Hint: Published articles may be attached to or appears as links on resumes and college or scholarship applications.

9. Create a blog. One local student developed a blog on her experiences living with cerebral palsy. Her suggestions and thoughtful commentary received responses from all over the country. Blogs are not difficult to create, and they can reflect a range of experiences, interests, or expertise.
Hint: Well-written and maintained blogs can be of great interest to application readers and also may appear as links on resumes and applications.

10. Establish a recycling service. Offer to pick up recyclables and get them to the proper facilities. This project will require familiarity with local rules and regulations, but knowing how to dispose of cans of old paint or how to recycle single-use batteries through mail-in or take back programs can be enormously important to saving the environment.
Hint: Promoting the availability of these services through social media can help raise community awareness of the importance of properly disposing of toxic and other materials and could evolve into an effective public service campaign.

11. Decorate for the holidays. Provide a little holiday cheer by gathering a group of friends who can untangle holiday decorations and don’t mind standing on ladders. This is a great way to bring the gift of light into the lives of those around you, particularly the elderly and disabled.
Hint: Solicit donations of new, more energy-efficient lights from individuals and organizations committed to environmental causes and publicize their support for your initiative.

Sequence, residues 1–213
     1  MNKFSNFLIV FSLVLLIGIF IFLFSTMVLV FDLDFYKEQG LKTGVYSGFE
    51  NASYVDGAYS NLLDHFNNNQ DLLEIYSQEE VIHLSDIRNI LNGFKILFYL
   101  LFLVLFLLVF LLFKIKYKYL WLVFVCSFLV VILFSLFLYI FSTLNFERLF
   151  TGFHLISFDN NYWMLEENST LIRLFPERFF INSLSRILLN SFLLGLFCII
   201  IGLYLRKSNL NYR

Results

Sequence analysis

12. Adopt a Highway or a Street. Although rules vary by jurisdiction, most states will allow families and small independent groups to adopt highways. And many municipalities have street adoption programs. In Virginia, one member of the group must be 18, but the work crew can have members as young as 10. The adopting group will be asked to make a commitment to pick-up litter several times per year from an assigned segment of highway in return for training, equipment, and trash bags.
Hint: Come up with a creative name for your group and write about your experiences or the kinds of trash you’re gathering (see numbers 8 and 9 above).

13. Be an Etsy retailer to support a cause. A couple of years ago, a local student used her sewing skills to make simple sundresses she marketed over the internet. She designed the dress, set up a website, obtained fabric donations, and solicited sewing help from friends. All proceeds were donated to charity.
Hint: This young lady had no trouble getting into college.

14. Establish an online store. If you’re not particularly creative or don’t have a handmade product to sell, you can go the re-sale route. Collect donations of small, easy-to-ship items no longer useful to their owners but which might have value on Ebay or similar online retail outlets. Make sure your customers know their purchases will be used to support a nonprofit activity or organization and don’t forget to figure shipping into your price!
Hint: Items which aren’t sold may be donated to charity or otherwise recycled with local nonprofits.

15. Provide services for shut-ins. There are folks in your community who could use extra help but can’t afford to hire a professional service. Offer to be a companion, run errands, walk the dog, pull weeds, shovel snow or organize the garage.
Hint: You can support your volunteer effort with a paid enterprise marketed to those interested in “renting a kid” in your neighborhood.

Some activities can have lives beyond the summer. They evolve into long-term service learning projects or new clubs at school.

Be creative and industrious, but feel free to have a little fun too.  

This is the second in a series of three articles on the value of community service.

No comments:

Post a Comment